A former pupil at Lomond School has been awarded a prestigious accolade for her time working with refugees in Greece, helping a widowed refugee from Kenya coordinate a charity launched from her kitchen.
19-year-old Kristina Von Kaehne from Lochgoilhead is meant to be in Greece right now, volunteering for a charity providing support for refugees and teaching them English and German. Due to travel restrictions from Covid19, she is instead spending her summer off university working as an auxiliary nurse in Cowal Community Hospital in Dunoon.
Kristina is one of 19 Scottish young people who have recently been awarded a Diana Award, an accolade set up in memory of the Princess of Wales to celebrate young people who have demonstrated their ability to inspire and mobilise new generations to serve their communities and create long lasting change on a global scale.
Nominated by two of her former teachers at Lomond School, Kristina was awarded for her time spent in Greece working in refugee camps, assisting in medical centres, teaching primary pupils, and hosting English and German language classes for children and adults.
From her first visit to a refugee camp in Thessalonika, Greece, at the age of 15, Kristina was determined to do more. Since then, she has returned six times, has helped a widowed refugee from Kenya coordinate a charity launched from her kitchen, set up a donation scheme at Lomond School and has began her studies at Glasgow University to become a human rights and immigration and asylum lawyer.
Kristina said: “The first time my dad took us to Greece with him we were based in a camp in Thessalonika and I was shocked at the situation refugee families were facing. Since then, whenever my dad goes, I always join him. For me it’s better than going on a summer holiday.
“The third time I went out we were based in a camp just outside of Athens. In the afternoons when things were a bit quieter, I would play with the children in the camp. I formed a close bond with a two-year-old boy called Taregh, and at the same time my dad, who speaks the Afghan language of Dari, struck up a relationship with his family. We became really close.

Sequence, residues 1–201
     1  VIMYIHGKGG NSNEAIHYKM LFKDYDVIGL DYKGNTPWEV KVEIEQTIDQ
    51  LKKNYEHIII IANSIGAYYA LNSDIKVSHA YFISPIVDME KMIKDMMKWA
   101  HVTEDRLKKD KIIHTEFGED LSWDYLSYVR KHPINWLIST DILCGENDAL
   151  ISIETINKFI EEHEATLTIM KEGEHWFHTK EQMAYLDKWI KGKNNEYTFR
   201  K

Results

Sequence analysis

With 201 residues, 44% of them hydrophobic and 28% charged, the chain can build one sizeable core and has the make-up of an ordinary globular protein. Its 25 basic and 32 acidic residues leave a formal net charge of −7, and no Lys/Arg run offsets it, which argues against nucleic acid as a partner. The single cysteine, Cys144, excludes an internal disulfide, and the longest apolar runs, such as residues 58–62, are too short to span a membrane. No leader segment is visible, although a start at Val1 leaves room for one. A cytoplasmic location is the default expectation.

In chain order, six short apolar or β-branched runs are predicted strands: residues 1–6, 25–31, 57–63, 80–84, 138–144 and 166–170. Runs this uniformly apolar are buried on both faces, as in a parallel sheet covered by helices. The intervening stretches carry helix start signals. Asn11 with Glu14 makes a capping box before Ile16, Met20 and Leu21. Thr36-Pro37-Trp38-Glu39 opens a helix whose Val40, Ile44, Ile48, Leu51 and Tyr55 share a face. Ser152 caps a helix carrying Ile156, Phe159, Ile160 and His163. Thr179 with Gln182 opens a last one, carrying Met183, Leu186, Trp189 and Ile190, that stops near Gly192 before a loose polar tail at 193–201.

“When I returned for a gap year after school, Taregh’s mum had cancer and they had moved to Athens for treatment. I spent the next year working in a charity called Love and Serve Without Boundaries (LSWB) while babysitting for Taregh’s dad, Amir, so he could visit his wife.”
Amir and his family have since moved to Germany where his wife is continuing cancer treatment. Kristina stays in touch with the family and plans to visit them when it is safe to do so.
At just 16, Kristina was teaching primary school classes before she got involved with LSWB at the age of 17. Set up by widowed Kenyan refugee, Maria Odhiambo, in her kitchen, the charity was funded by money Maria had earned as a nanny. The community-based centre provides support to refugees and low-income/homeless Greeks. This support includes a variety of language and skill classes, food distribution, and handouts of daily essentials.
Kristina said: “I started teaching English and German classes through the charity, helping refugees of all ages learn new languages. I was teaching a class where the youngest was a six-year-old girl and the eldest was a 55-year-old man. It was difficult but everyone would help each other out.
“It was great to spend the year there and see real progression in their language skills before I left.”
After her role within the charity and growing close to founder Maria’s kids, Kristina became Godmother to Maria’s grandson and keeps in close contact with them.
Back in Scotland while still at Lomond School, Kristina’s teachers convinced her to host an assembly on the refugee crisis in a bid to set up a donation scheme.
She said: “I was so shy and hated public speaking. I wanted to be a lawyer and help refugees, but I didn’t think I’d be able to pursue my dream. Mrs Chisholm and Mrs Guy spent hours, and I mean hours, of time convincing me I could speak to the entire school and I finally managed to do it. It sounds cheesy but they allowed me to step out my comfort zone and go after my dream of being a lawyer. I never would have been able to do it without them.
“My teachers then put me forward for the Diana Award and I couldn’t believe it when they told me. I’m so grateful and hope it inspires others to get involved in causes such as this – after one visit to a camp it would be difficult not to go back and help.
“There are so many ways you can get support and funding along the way, and the people you meet change your life. The hardest part will be not wanting to come home.”
Kristina is currently working to raise money for LSWB to help refugees through Covid19. You can donate here.
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